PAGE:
Harris defended her decision to lower Andry’s bond from $245,000 to $95,000 — which she described as still a significant amount. His lawyer had argued that Andry needed to take care of his arthritic mother, court records show. Harris noted his release required that Andry to receive drug treatment and wear an ankle monitor. He was not wearing a functional monitor when he killed Pollock, due to an apparent administrative mix-up.

Harris said that she was saddened by what happened to Pollock, but that when judges are setting bonds, they “unfortunately cannot control the decisions individuals ultimately choose to make.”


Court Watch NOLA, a nonprofit that uses volunteers to collect data on New Orleans courts, said it was difficult to assess yet whether Harris or Nandi Campbell, another judge who was elected in 2020 on a similar platform, are ruling in ways that are obviously different from others on the bench. The group’s preliminary data did suggest that Harris averaged the fewest guilty pleas per court session out of all of the city’s 12 criminal court judges. Campbell averaged the second-fewest, although she’s much closer to the average.

Early in her term, Harris listed guilty pleas — which account for 94% of criminal convictions in the U.S. — among things she wanted to change as a judge. She sees it as her obligation to emphasize all of the consequences of a conviction, including losing certain rights after leaving prison and facing barriers to getting a job, and to make sure people know they have the right to go to trial.


“In future judicial elections, the standard we’re trying to set is that you have to be — at worst — moderate on the judicial side,” said Bruce Reilly, who runs Voters Organized to Educate (VOTE), one of the groups that raised money to support more progressive candidates.

The new district attorney, Jason Williams, a popular former city councilman, wasn’t VOTE’s first choice in 2020. Initially, they backed another candidate running as a progressive who didn’t have Williams’ baggage — in the form of a pending federal indictment on tax fraud. Williams has denied the charges and called them “politically motivated.” A trial is scheduled for this month.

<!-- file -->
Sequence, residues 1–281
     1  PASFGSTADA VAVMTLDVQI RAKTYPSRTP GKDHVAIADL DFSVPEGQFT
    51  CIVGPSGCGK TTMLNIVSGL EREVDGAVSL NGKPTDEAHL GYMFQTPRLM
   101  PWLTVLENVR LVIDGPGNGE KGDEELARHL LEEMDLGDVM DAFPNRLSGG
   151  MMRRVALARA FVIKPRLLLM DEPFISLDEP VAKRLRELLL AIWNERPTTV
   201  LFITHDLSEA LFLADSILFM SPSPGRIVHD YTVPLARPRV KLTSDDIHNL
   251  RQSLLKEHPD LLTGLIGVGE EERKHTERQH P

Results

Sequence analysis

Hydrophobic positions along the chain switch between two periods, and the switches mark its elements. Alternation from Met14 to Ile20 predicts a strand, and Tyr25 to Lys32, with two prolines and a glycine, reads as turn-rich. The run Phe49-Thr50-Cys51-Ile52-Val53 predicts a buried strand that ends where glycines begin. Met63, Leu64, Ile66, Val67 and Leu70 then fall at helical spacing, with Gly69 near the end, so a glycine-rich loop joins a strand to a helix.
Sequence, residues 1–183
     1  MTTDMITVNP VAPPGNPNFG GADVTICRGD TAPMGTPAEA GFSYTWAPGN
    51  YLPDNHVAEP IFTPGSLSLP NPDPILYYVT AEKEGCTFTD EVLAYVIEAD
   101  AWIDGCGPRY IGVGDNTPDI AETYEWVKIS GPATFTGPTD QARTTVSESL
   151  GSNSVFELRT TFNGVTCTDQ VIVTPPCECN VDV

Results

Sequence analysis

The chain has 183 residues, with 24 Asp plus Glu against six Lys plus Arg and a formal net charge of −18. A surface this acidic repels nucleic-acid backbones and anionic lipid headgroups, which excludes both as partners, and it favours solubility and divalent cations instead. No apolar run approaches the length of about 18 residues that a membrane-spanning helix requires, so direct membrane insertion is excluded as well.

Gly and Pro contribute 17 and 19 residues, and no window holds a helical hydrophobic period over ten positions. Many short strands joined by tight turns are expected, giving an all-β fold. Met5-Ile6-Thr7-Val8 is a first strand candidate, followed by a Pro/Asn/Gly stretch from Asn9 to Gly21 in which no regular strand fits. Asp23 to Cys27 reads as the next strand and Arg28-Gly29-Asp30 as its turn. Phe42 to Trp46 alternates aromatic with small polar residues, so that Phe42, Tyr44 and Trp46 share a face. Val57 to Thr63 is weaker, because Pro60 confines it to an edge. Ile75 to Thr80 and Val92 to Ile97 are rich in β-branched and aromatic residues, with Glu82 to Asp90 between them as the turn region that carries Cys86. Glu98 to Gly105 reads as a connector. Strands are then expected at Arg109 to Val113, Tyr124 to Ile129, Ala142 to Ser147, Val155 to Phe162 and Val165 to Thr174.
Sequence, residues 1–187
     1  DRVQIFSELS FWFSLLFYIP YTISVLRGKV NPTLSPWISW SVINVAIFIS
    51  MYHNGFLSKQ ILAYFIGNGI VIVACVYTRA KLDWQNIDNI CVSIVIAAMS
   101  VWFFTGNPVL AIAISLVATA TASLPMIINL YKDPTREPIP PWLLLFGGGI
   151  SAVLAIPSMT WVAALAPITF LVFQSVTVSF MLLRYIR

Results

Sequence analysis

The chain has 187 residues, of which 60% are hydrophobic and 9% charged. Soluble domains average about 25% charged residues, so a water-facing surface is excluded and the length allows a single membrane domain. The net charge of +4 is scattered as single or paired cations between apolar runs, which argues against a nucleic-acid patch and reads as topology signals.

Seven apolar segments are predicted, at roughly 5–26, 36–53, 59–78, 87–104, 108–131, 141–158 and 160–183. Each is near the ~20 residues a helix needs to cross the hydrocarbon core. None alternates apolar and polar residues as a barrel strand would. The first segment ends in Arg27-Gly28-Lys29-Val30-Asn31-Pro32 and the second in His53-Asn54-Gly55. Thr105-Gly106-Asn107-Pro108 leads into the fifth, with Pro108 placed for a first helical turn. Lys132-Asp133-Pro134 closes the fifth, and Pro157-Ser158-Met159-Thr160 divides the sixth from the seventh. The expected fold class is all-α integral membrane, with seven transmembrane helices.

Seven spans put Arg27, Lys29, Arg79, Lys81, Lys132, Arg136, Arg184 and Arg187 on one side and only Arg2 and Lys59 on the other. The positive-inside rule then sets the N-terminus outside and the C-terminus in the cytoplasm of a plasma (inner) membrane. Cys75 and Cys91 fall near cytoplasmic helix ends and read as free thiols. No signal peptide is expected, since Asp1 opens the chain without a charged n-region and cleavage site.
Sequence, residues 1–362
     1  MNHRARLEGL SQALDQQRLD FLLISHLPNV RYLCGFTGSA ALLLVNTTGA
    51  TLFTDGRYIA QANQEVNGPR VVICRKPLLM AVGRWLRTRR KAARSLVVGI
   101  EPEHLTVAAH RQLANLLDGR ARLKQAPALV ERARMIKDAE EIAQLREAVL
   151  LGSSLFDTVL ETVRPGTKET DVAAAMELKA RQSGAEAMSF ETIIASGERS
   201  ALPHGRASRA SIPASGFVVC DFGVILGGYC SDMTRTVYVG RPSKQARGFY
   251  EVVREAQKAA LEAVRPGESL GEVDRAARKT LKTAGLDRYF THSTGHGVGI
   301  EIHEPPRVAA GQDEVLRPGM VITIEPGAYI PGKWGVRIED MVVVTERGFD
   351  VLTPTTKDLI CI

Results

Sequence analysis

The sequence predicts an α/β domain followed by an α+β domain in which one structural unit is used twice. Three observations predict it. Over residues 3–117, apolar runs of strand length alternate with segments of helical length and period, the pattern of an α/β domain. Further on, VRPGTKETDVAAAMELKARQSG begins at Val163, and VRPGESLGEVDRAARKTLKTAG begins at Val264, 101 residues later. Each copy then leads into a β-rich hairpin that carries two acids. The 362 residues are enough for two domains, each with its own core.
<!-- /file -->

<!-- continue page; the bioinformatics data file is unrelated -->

Williams’ campaign drew on the energy of the post-George Floyd moment, promising to reimagine a “dual-purpose” system that he said had long offered justice for the wealthy and connected, but meted out punishment to Black and poor people. {snip}


Reflecting on his first 17 months in office, Williams made sure to mention a slew of recent convictions in nearly the same breath as his efforts toward reform. He recognizes that violent crime is up, and that his office is responsible for addressing it. But he said he rejects “the idea that because there are more carjackings, we should ignore the Constitution, that we should disregard evidence and allow innocent people to get arrested and convicted.”

The centerpiece of Williams’ reform agenda has been a civil rights division that is responsible for freeing roughly two people a week from prison since he took office. The unit’s mandate was broad: to re-examine possible innocence cases, excessive sentences, and people who were stuck in prison due to unfair prosecutorial conduct.


{snip} Instead, critics have pointed to the fact that under the new D.A., more people arrested for violent crimes are pleading to misdemeanors or having their cases dropped when compared to the prior administration. The Metropolitan Crime Commission, a nonprofit that publishes weekly city crime data and has been critical of Williams, found that in 2021, 74% of violent felony cases were resolved this way. It was 41% of cases in 2019 under the prior D.A.

“That means that the violent offenders that had been arrested by the police department go right back out on the streets,” said the commission’s president, Rafael Goyeneche — a former prosecutor himself. “People just walked out,” he continued, “and that translates into the crime surge that we’re seeing right now.”


Williams has changed some of his office’s practices in response to the criticism. He has used sentencing enhancements in some cases involving guns, triggering longer prison terms, a practice Williams criticized during his campaign. He has also charged minors as adults in certain violent crimes, something he’d promised not to do.


Reilly also said he doesn’t see the current political and public opinion backlash stopping the momentum for change. “For those of us who have been doing this work in the ’90s and 2000s, This is nothing,” Reilly said. “Look how far we’ve come. You can’t unring the bell.”